Untangling the nutritional cacophony in 5 questions

Healthy eating
food cacophony image by Leks_Laputin from Getty Images

Who hasn't been confused by the tons of information about food that can be found on the web? The expression "too much is like not enough" takes on its full meaning! Here are a few tips on how to avoid being fooled when trying to find answers to our questions about food and nutrition on the web!

From the lab to our ears

Between the studies that are published in major scientific journals and the new trend that we can see on social media, there is a lot of ground that has been covered! 

Let's do a fictional exercise together: let's take red wine and life expectancy. A team of researchers could do a laboratory experiment and discover that polyphenols (small bioactive molecules) extracted from red wine would be able to delay the death of some cells by 2 nanoseconds. Interesting, isn't it? Well, a few months later, we could probably see on social networks a shocking news article with the title "Drinking wine every day increases our life expectancy by 5 years!" (which is different from what the study found). Do you see the difference? So we must remain vigilant! 

To help us sort out the truth from the falsehoods on food advice, here are 5 questions to ask ourselves…

1- Is it a reliable source?

Is the person giving the information qualified and unbiased? If it's a mainstream website, does the company deal with qualified health professionals? Unfortunately, this is not always the case. To help us, we can always look at whether the person giving the advice is accountable to a professional order (whose mission is to protect the public), such as the College of Dietitians of Ontario.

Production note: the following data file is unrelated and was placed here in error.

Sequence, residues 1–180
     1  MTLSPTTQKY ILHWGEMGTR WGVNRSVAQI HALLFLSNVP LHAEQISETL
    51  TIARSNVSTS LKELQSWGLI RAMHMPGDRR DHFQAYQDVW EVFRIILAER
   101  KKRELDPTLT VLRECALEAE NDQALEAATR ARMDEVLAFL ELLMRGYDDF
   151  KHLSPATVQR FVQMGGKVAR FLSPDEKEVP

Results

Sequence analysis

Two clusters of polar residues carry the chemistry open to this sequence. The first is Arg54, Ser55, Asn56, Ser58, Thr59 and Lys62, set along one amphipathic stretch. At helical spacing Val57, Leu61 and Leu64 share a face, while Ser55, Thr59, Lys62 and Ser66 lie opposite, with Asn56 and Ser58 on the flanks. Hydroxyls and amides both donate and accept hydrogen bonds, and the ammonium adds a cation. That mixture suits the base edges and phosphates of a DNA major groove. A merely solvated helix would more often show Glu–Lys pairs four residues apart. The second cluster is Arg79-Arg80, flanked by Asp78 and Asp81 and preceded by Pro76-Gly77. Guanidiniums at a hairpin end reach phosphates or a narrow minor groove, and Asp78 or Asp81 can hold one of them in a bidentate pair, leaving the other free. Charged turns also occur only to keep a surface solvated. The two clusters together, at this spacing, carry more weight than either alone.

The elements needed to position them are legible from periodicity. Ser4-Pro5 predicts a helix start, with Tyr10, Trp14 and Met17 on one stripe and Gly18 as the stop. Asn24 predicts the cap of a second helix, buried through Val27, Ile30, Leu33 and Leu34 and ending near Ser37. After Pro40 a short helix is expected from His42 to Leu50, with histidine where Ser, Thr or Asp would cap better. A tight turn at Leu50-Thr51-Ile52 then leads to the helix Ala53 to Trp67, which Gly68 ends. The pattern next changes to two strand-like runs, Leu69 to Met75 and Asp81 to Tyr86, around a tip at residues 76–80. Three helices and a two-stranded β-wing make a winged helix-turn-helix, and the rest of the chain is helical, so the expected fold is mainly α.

2- Is this source selling something?

Advice about diet (and even supplements) is everywhere on social media. If the person giving the advice, no matter how informal, is earning a certain amount of money talking about a particular product, their advice usually deserves to be confirmed by a reliable source!

3- Is it backed by science?

You don't have to be a science expert to doubt some of the nutritional information found online! Make sure to always check the references on which the statements are based. The important thing is to remain critical.

4- Does it require me to eliminate many foods?

Generally, when a person, a website or a company recommends that we remove several foods or food groups from our diet without a valid reason (e.g.: an allergy), we can doubt the validity of the advice. All foods are allowed!

5- Is it for weight loss?

In 2022, the social pressure to achieve a certain ideal of beauty is enormous. Unfortunately, companies or personalities sometimes capitalize on our insecurities to sell us certain supplements or diets. Once again, it is important to be vigilant!

It can sometimes be difficult to navigate through all the information on the web about food and nutrition. Fortunately, dietitians can help us sort out what is true and what is not, while meeting our individual needs!

Registered Dietitian Nutritionist